On the national front, Yolanda’s hat-trick against the Swedes meant that she bagged three goals in her first domestic and international fixtures. Yolanda, Juliana and Succorinha all featured as India finished runners-up at the 5th Asian Women’s Cup in Thailand.
“Taipei were the strongest team in Asia back then. They won both the 2nd and 3rd Asian Cups, while we finished runners-up both times. I was also a part of the 4th edition, when India finished in 3rd place,” says Juliana.
Although a stand-out achievement, their exploits in the Asian Cup were arguably bettered by their efforts in a tournament that was the fore-runner of the Women’s World Cup. The Women’s World Invitational Tournament held in Chinese Taipei for the second time in 1981 saw 14 teams participate.
India, drawn with eventual champions SSG Bergisch Gladbach from West Germany held them to a draw but were knocked out after playing 3 successive games in as many days. “Given more time to train together and better squad depth, we could have done even better. The coach assigned to us didn’t take the tournament too seriously either,” Yolanda adds with a glint in her eye.
Goan women’s football would never hit those lofty peaks again. The trio played their National Championships together for the last time in 1979. Goa once again finished as runners-up, as they did at Lucknow a year later, losing by a solitary goal to Bengal in the final.
Powerhouses like Manipur and Odisha had begun to spring up, the former especially changing the face of women’s football in India for good, winning 20 out of 25 national titles.
Juliana puts this down to the fact that game-time for Goan women isn’t as frequent as it was in previously. “We went to Thailand, Malaysia, Hong Kong, Taipei to play matches. Every village tournament previously used to have a women’s match prior to the final. We used to have our own league which ran successfully for many years,” she adds.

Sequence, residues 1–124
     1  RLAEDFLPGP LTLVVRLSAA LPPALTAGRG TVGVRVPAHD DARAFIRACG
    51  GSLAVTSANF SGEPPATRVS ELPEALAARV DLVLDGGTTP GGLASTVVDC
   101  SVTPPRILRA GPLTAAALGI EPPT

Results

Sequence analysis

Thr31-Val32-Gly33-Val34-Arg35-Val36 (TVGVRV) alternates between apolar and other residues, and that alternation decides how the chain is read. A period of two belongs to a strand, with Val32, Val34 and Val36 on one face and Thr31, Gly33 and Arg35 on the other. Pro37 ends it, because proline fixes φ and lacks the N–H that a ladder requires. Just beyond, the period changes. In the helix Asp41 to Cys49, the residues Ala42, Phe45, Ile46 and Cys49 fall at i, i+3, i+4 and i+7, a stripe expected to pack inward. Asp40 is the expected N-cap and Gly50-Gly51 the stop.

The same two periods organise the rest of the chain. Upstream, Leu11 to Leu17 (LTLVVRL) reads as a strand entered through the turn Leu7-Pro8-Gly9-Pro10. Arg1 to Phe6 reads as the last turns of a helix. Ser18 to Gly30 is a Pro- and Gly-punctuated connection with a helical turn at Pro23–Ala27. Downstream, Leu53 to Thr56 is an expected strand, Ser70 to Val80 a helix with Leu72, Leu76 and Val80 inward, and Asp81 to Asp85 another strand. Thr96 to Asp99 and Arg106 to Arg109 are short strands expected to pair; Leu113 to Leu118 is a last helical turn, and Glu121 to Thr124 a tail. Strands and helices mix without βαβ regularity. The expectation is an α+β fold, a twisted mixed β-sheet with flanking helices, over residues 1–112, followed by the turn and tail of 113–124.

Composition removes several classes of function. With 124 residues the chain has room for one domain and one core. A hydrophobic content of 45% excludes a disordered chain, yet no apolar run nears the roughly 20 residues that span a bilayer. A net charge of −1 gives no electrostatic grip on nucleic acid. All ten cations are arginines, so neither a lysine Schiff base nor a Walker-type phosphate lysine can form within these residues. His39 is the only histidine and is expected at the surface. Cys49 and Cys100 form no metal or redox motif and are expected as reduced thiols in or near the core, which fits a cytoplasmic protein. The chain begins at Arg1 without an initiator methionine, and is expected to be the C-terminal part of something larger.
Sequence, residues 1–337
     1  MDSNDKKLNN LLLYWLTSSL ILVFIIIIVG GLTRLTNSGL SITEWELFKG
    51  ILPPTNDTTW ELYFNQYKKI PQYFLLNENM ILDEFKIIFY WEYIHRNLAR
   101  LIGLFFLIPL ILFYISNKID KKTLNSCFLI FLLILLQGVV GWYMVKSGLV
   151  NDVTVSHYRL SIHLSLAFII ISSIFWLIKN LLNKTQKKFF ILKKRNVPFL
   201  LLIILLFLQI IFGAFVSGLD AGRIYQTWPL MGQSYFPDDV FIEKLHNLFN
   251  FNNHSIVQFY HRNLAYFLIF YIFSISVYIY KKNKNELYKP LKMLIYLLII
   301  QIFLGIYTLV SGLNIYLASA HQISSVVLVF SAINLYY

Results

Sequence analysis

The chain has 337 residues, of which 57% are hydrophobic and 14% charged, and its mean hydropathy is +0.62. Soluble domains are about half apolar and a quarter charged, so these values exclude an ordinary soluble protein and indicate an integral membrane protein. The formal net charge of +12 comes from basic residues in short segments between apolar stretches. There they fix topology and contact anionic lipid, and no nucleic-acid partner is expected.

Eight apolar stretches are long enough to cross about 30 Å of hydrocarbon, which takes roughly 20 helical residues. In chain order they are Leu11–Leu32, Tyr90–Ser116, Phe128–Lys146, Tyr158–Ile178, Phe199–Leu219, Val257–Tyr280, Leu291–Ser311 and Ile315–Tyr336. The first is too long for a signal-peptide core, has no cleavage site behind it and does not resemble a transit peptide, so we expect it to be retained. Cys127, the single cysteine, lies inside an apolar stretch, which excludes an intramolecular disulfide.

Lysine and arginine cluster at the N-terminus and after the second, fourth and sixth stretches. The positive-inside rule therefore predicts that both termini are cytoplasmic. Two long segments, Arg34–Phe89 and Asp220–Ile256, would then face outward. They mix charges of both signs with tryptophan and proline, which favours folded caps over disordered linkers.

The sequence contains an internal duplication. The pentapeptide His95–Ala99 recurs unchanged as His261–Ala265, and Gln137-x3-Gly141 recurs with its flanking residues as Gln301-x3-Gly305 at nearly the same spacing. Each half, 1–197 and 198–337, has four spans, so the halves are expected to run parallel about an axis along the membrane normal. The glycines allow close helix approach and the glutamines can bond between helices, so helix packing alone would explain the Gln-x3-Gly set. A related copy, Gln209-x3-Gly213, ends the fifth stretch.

The Goa Women’s Football Association, under the auspices of President Vijayadevi Rane worked hard to change the face of the women’s game in the state in the 70’s, say the three legends. “They took charge before the 2nd nationals and within a week, selection was complete. Our coach (Joao de Melo) tended to us really well and both the state (GWFA) and national (WFFI) bodies supported us whole-heartedly,” recalls Succorinha.
Yolanda, after her stupendous exploits for club and country, would hang her boots up in 1981 after suffering an injury. The Women’s World Invitational Tournament would be her last rodeo in Indian colours.
She followed her other passion – art to the fullest and the Art Chamber at Calangute is testament to Yolanda’s passion. “I wanted to pursue art from the beginning. I went to Arts College in Panjim but almost quit as they had no sports syllabus. It was never a question of football or art. It was both,” she exclaims with a laugh.
Succorinha after earning a degree in physical education would become a teacher in the same discipline but never gave up her love of athletics. She occasionally picks up the Javelin from time to time, hurling it long.
Juliana went into administration, first in the GFA and later the AIFF’s Women’s Committee, also serving as manager of the Indian women’s team for two years. She would retire in 1984, after playing her last nationals.
The three, along with Rekha, revolutionised women’s football in Goa and were very much the pioneers. As Yolanda says, “We didn’t fear anybody. We played men, women, domestic teams, national teams; we didn’t really distinguish between opponents when it came to football. We were tough.”
Anyone who watched the trio play in their prime would find it hard to argue.
This is the first in a series of articles titled ‘Pioneers of Goa’.